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Escape a pound sign (#) in .htaccess

 4:59 pm on Dec 2, 2009 (gmt 0)


I've looked for it over google but couldn't find any answer...
I've read that it's not a legal character for URLs and all, so it might not be possible to escape a #, but maybe someone knows how to do it.

I actually need it to rewrite some URLs on a website that uses swfaddress. Which means that there is a # sign that I need to escape, but I have no idea how to do this (and I'm clearly no expert on .htaccess or Apache either...).

Anyone has an idea?

Thanks in advance!



 6:13 pm on Dec 2, 2009 (gmt 0)

Do you really have a known problem? Probably not, because any modern browser, when requesting a link with a reserved character in it, is going to encode that character automatically... So this will already be taken care on the client side.

Besides which, if any client ever sent an un-escaped reserved character, then your server would reject the request with a 400 error before .htaccess was ever invoked...

If that's not entirely clear, then be aware that .htaccess runs as an incoming client HTTP request is received by your server, and before any content handlers are invoked or any content is served. That is, .htaccess acts on incoming URL requests, and does not perform any kind of filtering or modification operations on the output of your page content.

I'd be looking for 'real' problems, instead of 'maybe' problems. For example, do you force canonicalization of your domain name and URLs? That's a very real problem if not... and there are lots of previous threads here on that subject. :)



 6:26 pm on Dec 2, 2009 (gmt 0)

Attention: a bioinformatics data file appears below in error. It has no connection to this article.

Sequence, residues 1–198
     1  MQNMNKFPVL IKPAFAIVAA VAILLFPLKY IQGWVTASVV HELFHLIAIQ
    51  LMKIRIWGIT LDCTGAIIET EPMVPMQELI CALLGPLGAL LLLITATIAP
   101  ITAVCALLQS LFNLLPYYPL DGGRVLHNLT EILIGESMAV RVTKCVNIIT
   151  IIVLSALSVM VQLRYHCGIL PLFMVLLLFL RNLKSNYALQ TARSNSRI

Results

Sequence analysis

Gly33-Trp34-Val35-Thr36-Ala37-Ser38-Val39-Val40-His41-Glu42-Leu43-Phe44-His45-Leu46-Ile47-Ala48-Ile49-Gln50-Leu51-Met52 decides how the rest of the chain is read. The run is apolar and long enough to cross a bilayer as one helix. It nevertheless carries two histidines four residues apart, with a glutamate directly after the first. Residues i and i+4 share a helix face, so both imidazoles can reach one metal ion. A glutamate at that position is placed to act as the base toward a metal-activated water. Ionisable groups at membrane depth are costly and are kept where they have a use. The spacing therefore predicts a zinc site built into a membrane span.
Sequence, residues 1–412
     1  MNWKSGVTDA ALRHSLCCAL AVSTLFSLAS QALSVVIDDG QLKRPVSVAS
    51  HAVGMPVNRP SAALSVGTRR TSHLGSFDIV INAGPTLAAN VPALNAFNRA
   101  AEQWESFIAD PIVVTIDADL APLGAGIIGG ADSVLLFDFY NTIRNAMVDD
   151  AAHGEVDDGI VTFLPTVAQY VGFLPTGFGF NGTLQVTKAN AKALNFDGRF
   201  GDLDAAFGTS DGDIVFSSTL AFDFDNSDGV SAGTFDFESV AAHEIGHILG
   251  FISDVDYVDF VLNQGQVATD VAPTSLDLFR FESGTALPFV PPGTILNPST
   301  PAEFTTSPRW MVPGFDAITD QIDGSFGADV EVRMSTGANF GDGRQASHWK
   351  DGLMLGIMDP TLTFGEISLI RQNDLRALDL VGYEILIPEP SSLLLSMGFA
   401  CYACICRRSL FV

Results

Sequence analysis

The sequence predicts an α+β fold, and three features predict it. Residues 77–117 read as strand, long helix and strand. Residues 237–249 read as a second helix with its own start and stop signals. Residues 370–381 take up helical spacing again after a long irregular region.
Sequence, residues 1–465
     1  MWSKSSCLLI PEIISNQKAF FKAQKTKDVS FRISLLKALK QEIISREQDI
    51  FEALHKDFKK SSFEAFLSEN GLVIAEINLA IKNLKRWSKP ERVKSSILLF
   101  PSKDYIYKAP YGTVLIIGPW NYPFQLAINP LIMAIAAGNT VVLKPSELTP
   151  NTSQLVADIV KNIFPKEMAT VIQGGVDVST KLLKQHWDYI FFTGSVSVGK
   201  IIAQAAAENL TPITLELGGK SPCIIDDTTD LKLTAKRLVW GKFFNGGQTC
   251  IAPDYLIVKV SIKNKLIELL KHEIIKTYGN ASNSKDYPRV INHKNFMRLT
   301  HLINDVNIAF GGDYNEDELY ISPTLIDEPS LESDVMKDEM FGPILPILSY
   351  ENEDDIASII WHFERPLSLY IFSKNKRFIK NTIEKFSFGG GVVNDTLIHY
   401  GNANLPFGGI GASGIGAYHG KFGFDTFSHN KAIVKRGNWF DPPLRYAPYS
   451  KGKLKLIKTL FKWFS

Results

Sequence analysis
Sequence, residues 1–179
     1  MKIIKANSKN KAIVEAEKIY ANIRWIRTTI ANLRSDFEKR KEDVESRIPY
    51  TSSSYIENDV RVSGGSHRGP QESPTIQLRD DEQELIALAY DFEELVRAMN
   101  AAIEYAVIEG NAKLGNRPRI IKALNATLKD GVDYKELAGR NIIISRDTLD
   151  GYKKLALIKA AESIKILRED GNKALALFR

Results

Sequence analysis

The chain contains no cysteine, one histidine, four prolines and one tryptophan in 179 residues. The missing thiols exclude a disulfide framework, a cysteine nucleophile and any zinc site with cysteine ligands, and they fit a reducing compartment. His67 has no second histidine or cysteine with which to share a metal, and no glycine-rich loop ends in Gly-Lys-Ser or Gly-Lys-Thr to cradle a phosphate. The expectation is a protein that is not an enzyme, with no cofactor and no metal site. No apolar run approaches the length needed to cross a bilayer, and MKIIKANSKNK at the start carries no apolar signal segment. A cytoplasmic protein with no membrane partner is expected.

hum... I'm not sure you understood my problem correctly (or if you did, then maybe, I didn't understand your answer correctly). But my eplanations were probably not that accurate as well, so sorry if I couldn't explain my problem clearly.

What I want to do precisely, is to create a subdomain that would point to an address that contains a # in it (because of the swfaddress).
For example, part1.domain.com would have to point to something like www.domain.com/#/folder1/folder2/part1/...


 6:58 pm on Dec 2, 2009 (gmt 0)

In that case, you don't have a problem, because you are taking an incoming URL request of "part1.example.com" and mapping it to the filesystem path of /#/folder1/folder2/part1/

This is called an internal rewrite -- a URL-to-filepath mapping function. It is not an HTTP redirect and therefore does not involve any transmission of the filepath as a URL, so HTTP URL-encoding requirements do not apply. Only the rules and restrictions of the server operating system's filesystem need to be considered.



 7:15 pm on Dec 2, 2009 (gmt 0)

Ok, but how should I put it in my .htaccess then? I'm sorry but I'm really a novice...

What I tried didn't work:

RewriteEngine On

RewriteCond %{HTTP_HOST} !^www.example.com
RewriteCond %{HTTP_HOST} ^part1.example.com
RewriteRule ^$ /#/folder1/folder2/part1/[

Without the '#' (just normal folders redirection) works, but as soon as I use the '#', I have a 500 Internal Server Error.
I guess this is normal since the # is normally interpreted as a comment mark, no?
I tried to use \# but it didn't work either...


 8:11 pm on Dec 2, 2009 (gmt 0)

Note that there's a spurious "[" at the end of yur code. If it was meant to be there to enclose a RewriteRule flag, then that flag is missing (there's also a space required before the bracket denoting rule flags, which may also be missing).

As for escaping the "#", try \%23 with an [NE,L] flag on the rule.

Also, look at your server error log file; If "#" isn't allowed by your server filesystem, it should say so. And if there's some other problem, then it will say so... the error logs are generally quite useful.



 8:21 pm on Dec 2, 2009 (gmt 0)

For the "[" at the end of the code, it was just a mistake while pasting it. But thanks for the corrections.

I just tried it and the \%23 works! Thanks a lot for your time, patience and useful advices!

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